Cummings School of Veterinary Medicine at Tufts University did an analysis of  44 different dog foods with labels indicating they would support canine weight loss. Such foods are required by federal law to show calorie counts, but unfortunately not only were these numbers  inaccurate,  the recommended feeding amounts would result in weight gain.

Dog obesity is a significant problem with nearly half of all dogs classified as overweight and nearly 10% obese in a 2008 study. Just as in humans, excess weight contributes to increased health problems, veterinary expenses, and decreased length and quality of life.  A recent study also found a correlation between overweight owners and over weight dogs.

Owners who want their dogs to lose weight need to think of the fundamentals – diet and exercise.  Unfortunately, dog food manufacturers are not always a reliable source of  weight loss advice.

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Pet Industry Overview from Pet Food Forum

The July issue of Petfood Industry magazine includes an article titled “Business is Barking” which summarizes Packaged Facts presentation from the 2009 Pet Food Forum.  Although I have to call Packaged Facts out on their creative cropping of the Y axis on a few charts for dramatic effect, the overall message is positive for the pet industry’s potential.

Total pet market spending was up 1.4%  in 2008 compared to the prior year with some indivdual brands up by double digits. Unfortunately, sales are forecast to see a slight (0.5%) decline in 2009, but are expected to regain momentum and continue climbing through 2013.

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Packaged Facts Pet Care Services Report

Packaged Facts recently released the 3rd edition of its Pet Care Services in the US report. I haven’t seen any online summaries of the report yet, but I could glean a few insights from the table of contents available online.  Total expenditures on pet care services in 2008 reached $23 Billion, hitting a 10 year high. Veterinary services are the fastest growing sector within pet services, with the increase in pet obesity with its health consequences as well as increasing numbers of geriatric pets helping to fuel this growth.  The number of households owning cats and dogs also continues to increase.

The report also covers changes in the structure of the pet services industry, increased corporate presence, more workers, and the growth of franchising.  Details about expenditures by service type, pet owner demographics and speculation about the  impact of the recession on spending are also included in the full report, which is available in a variety of formats on the Packaged Facts site.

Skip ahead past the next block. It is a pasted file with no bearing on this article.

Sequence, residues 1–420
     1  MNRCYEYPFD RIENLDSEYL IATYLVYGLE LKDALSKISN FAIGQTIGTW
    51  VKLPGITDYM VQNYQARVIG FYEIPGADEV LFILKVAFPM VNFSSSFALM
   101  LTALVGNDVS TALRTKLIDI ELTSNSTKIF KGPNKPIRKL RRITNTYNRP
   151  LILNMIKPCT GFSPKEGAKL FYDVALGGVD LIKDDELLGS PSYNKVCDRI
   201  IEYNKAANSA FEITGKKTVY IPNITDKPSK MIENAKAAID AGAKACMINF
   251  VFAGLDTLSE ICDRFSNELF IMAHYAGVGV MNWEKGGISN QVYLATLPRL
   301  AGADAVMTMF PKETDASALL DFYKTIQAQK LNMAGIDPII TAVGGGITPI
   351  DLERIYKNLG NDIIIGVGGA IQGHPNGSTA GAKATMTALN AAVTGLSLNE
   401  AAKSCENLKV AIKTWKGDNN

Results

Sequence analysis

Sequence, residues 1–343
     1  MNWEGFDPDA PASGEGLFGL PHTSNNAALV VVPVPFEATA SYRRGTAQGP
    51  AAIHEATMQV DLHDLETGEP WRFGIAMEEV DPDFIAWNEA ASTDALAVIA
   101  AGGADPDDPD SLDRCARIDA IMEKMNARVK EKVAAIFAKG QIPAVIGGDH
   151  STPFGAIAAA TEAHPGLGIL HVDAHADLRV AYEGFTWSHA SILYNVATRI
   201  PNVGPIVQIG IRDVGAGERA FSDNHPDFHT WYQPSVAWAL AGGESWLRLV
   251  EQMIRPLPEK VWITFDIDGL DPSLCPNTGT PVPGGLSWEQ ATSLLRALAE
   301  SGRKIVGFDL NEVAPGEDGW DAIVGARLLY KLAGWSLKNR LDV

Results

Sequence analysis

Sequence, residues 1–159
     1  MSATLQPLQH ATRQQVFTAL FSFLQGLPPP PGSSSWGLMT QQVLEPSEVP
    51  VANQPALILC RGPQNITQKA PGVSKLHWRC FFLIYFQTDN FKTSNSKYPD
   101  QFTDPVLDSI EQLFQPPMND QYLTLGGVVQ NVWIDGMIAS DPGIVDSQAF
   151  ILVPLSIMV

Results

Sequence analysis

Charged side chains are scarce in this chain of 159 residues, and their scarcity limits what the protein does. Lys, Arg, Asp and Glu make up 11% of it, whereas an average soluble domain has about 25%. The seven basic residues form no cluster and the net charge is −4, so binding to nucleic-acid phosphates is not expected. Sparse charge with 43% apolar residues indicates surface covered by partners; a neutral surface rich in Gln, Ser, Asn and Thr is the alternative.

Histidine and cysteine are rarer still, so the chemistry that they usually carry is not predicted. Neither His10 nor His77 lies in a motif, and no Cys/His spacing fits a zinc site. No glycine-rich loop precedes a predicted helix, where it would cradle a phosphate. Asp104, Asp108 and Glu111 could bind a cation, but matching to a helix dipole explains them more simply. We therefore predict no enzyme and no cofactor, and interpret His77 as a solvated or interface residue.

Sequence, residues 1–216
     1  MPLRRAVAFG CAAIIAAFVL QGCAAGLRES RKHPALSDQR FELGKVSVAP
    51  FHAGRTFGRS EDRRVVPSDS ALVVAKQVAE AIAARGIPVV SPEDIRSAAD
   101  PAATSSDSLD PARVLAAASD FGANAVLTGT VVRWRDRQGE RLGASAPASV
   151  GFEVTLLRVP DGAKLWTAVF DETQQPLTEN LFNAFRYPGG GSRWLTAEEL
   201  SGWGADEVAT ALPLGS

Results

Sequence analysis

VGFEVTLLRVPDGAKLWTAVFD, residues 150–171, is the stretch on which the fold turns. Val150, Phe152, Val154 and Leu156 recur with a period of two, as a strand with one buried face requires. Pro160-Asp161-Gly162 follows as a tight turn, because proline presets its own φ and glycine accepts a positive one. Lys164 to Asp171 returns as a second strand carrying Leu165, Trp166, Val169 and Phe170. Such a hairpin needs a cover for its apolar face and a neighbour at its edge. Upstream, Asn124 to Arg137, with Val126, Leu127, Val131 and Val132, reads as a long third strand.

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Dogtime Media’s Save-a-Dog Facebook app

MediaPost reports that Dogtime Media has just launched the Save A Dog Facebook application with the support of Frontline as its exclusive advertiser through September. The application allows users to check out adoptable dogs by breed and location, and then virtually foster, walk, and send dogs to their friends. Points are earned for downloading the app and all virtual interactions with the rescue dogs.

For every 2500 points earned, DogTime will donate the equivalent of one cup of food to rescuegroups.org, a technology provider which creates online solutions for rescue groups and will use the funds to lower the costs of their services to those groups.  This is the first time I’ve seen an organization looking for volunteers to provide technical services rather than the traditional food, toys and pet supplies for rescue.

A comprehensive campaign is planned utilizing DogTime’s network of advertisers, bloggers, and newsletter subscribers as well as its Twitter stream. Partners Frontline and rescuegroups.org will also participate in campaign extensions.

A personal criticism of the application’s functionality: The breed selection tool could be better, as my search for Bull Terriers near my zip code yielded hundreds of pit bulls, but I saw no actual “English” type Bull Terriers such as I own. Which reflects the balance of those breeds in rescue, I’m sure, – I just wish the listing “Bull Terrier” was better targeted to match the dogs.  This problem may be limited to breeds with similar names, but it reduces the attractiveness of the app for people who can’t find dogs like the ones they own to send to people who also own those dogs (who happen to make up the majority of my Facebook friends.)